There is an earlier post by me on the subject of land at AATW.
The price of land has become a problem in the western world. The difficulty young people face in obtaining a home is having an adverse impact on maturity and family, both of which are important parts of a healthy, functioning society.
A number of factors are contributing to this problem. One of them is the attraction of land as an investment, which has led to high rents and high resale prices and foreign money (not all of it licit, see analysis of money laundering in global property markets) entering the national market.
Historically, the treatment of land as an investment has always been a problem. Humans naturally want to make a profit (and as much profit as possible), so this factor by itself cannot fully explain the current crisis. We must look elsewhere to understand what is allowing the market to create such high values for rent and sale prices.
Another factor is the role of planning (in the UK) and zoning (in the USA) and the equivalent policies and practices in other countries. This constitutes an artificial interference in property markets. Where land has planning permission permitting the construction of a housing estate or commercial property, the land owner can charge the developer a lot more than land that is restricted to, say, farming purposes.
These restrictions are not the natural result of the land’s nature but of the purposes and ideas of man about what is suitable in a given area. Furthermore, in order to obtain permission, at least in the UK, it is possible for the local council to accept a covenant on the part of the developer to pay money towards building infrastructure, which will have an impact on prices and profit margins.
The costs of development, including legal costs and costs associated with planning permission, are a further factor in the housing crisis. Certainly in the UK construction industry, profit margins are narrow. Where it is difficult to carry on work in a given sector, and difficult for new competitors to enter a sector, it is likely that there will be supply problems.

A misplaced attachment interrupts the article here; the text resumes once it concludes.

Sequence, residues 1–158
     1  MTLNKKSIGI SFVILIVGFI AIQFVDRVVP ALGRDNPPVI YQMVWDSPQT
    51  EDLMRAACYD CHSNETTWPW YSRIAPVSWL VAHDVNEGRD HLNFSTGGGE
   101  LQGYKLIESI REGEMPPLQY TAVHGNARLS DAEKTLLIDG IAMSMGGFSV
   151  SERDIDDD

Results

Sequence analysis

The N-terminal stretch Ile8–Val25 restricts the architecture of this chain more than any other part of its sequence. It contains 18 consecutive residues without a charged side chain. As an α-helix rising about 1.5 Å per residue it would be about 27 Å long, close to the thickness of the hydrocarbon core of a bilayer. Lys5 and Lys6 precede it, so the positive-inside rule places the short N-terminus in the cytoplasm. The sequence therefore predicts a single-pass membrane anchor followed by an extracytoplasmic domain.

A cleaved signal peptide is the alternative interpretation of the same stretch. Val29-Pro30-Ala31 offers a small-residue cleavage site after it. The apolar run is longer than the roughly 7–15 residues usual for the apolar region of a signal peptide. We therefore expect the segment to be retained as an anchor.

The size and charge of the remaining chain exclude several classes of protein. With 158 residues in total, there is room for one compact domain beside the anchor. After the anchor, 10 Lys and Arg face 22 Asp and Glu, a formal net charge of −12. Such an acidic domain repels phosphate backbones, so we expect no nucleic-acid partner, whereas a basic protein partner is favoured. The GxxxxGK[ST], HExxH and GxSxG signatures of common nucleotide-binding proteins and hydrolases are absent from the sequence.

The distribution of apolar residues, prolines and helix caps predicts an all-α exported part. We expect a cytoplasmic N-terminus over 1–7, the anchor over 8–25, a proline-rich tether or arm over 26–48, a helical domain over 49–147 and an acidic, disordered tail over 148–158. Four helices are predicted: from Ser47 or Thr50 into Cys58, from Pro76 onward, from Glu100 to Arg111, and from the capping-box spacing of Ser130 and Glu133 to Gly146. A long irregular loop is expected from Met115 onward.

This leads naturally to a consideration of supply versus demand. Demand continues to grow apace in general terms, (though see research about specific variables: class, nationality, ethnicity, and gender). Supply appears not to be keeping up with this demand.
The problem is further exacerbated by the flocking of people to particular conurbations, because that is where the work is. This market factor creates a vicious cycle, which can only be broken if we can make more of an effort to implement working from home. This will counteract the need to live near where one works.
Wages have not kept pace with living costs. People from different political ideologies are right to point this out, even if they are wrong in their prescriptions for the cure of this problem. Our broader economic malaise, in combination with out social problems, works in a vicious cycle here.
Mortgages are the last factor I wish to consider (though no doubt there are others that you, dear reader, might suggest in the comments below). Where loans (and large ones at that) are (relatively) easily available, landowners will charge a higher price for their land. Those who buy the land will charge a high rent in order to pay off the high price and make a profit on top.
I leave it to you, dear reader, to share your thoughts on these problems, including a package of reforms that might help us address the crisis. God speed.